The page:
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lurcher
Feb 28, 2006, 06:06 AM
Hi there. I have a few clients who I build websites for but I only really do the basic stuff. I use DW and a little JS mixed in. Some of them would like to be able to update their site themselves. Mainly it's just text updates, such as course dates or news pages.

Where do I start if I want to offer this as a part of their sites? Is there software which can help or is it some kind of hectic coding I would need to learn?

Basically, is there an easy way! Thanks.



zarathustra
Feb 28, 2006, 06:55 AM
Wow, what a can of worms.

There are a LOT of CMSs out there and you could use those for free.

Such as Joomla (Mambo), phpNuke, TYPO3, Drupal, Xoops, phpWCMS, and the list goes on. Some people even write their own CMS (for fun, gasp).

You'd have to install these on a server and then design templates to display the customer's data.

You could also keep using Dreamweaver and let your customers purchase Contribute. It wouldn't be too much of a learning curve for you - it might be for them.

Essentially, you would set up your pages and assign areas as "editable" for content by contribute. Your customers would log in to the server probably via FTP in Contribute and as in a word document, they could change the content of the pages. The cool thing is that you can have various levels of access, and you (or someone in your customer's group) can review the changes before they become permanent.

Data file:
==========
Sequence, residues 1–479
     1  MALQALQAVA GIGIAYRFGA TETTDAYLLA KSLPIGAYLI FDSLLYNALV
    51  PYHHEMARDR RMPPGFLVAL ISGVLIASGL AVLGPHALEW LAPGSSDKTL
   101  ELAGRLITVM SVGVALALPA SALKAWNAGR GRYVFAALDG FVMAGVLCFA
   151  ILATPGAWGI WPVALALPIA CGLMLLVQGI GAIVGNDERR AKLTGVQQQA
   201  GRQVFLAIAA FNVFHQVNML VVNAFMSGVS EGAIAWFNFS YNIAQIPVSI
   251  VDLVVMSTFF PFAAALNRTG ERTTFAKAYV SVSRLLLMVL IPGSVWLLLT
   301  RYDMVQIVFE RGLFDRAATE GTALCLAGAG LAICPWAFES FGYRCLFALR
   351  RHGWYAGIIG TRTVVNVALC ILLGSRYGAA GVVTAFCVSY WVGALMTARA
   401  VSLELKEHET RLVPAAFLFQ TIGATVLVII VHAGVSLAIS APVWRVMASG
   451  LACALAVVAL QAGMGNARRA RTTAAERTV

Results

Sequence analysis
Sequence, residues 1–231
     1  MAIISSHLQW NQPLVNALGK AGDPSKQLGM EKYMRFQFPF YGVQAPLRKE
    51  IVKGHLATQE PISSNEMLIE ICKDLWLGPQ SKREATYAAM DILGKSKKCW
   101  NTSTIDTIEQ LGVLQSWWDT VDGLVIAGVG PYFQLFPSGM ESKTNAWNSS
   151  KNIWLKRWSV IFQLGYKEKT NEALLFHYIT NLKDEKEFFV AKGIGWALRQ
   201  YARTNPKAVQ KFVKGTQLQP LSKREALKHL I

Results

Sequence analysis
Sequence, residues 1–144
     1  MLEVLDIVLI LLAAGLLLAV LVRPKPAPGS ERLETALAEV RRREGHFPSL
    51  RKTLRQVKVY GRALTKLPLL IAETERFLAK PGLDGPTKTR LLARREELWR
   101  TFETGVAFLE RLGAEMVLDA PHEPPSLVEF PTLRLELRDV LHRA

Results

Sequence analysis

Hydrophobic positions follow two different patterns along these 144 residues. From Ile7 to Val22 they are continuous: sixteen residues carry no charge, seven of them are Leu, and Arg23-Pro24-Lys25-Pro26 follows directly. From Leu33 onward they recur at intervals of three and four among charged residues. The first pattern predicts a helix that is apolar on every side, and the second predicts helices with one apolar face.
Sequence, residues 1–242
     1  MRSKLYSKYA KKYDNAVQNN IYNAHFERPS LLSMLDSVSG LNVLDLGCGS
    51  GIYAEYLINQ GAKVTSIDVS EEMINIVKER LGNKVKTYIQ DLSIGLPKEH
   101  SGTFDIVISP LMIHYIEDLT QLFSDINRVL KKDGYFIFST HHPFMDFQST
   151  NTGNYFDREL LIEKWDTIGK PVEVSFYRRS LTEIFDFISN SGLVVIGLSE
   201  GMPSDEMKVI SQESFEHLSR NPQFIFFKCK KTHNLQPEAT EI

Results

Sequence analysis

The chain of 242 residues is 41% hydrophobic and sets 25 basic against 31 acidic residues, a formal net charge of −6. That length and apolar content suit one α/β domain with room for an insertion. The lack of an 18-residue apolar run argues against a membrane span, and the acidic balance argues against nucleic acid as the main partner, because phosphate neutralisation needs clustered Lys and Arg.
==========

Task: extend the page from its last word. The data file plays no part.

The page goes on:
The negative is that they would have to purchase a new piece of software and they have to learn it.

Anyway, I can give more info if you'd like, and *ask me about Mambo/Joomla templates*.

Josh
Feb 28, 2006, 07:01 AM
I've used just about all them, for all sorts of things, and I'm hardpressed to recommend anything other than Drupal.

It *is* a little tricky to understand right at very first, but with just a short amount of time, you will get it, and it will make absolutely perfect sense.

It's very powerful, and a large number of high-caliber sites and corporations use it (Yahoo! for instance uses Drupal internally).

Sure - it may not have a 1-click install - but trust me, it is DEFINITELY with the (short) time it takes to learn.

They've got one of the most active and thriving communities for support, and a very in-depth handbook as well.

kgarner
Feb 28, 2006, 10:30 AM
Like the others have said there are a lot of different CMSs that you can choose. The improtant thing will be to use one that uses a templating system that you will be familiar with or at least learn quickly.

I am on the WebTeam for my college (its a group of student developers) and we are developing the new website for our department. We are using a system called Bricolage (bricolage.cc) for our CMS. It is very powerful and allows all types of control, which is why we chose it. A lot of big sites use it like Salon.com, MacWorld.com just to name a few.

The down side is that it uses Mason to create it's templates so we have to learn that as well. Not a big deal as it could look good on a resume. Amazon uses Mason for its templates for example.

desenso
Feb 28, 2006, 05:00 PM
I'm going to address your post in two parts. The first part will discuss the CMS options out there. The second part will be a suggestion for you to consider in terms of easy installation and hosting.

Part 1: CMS
I've used a ton of CMS' and designed custom templates for each of them. Here are my top 3: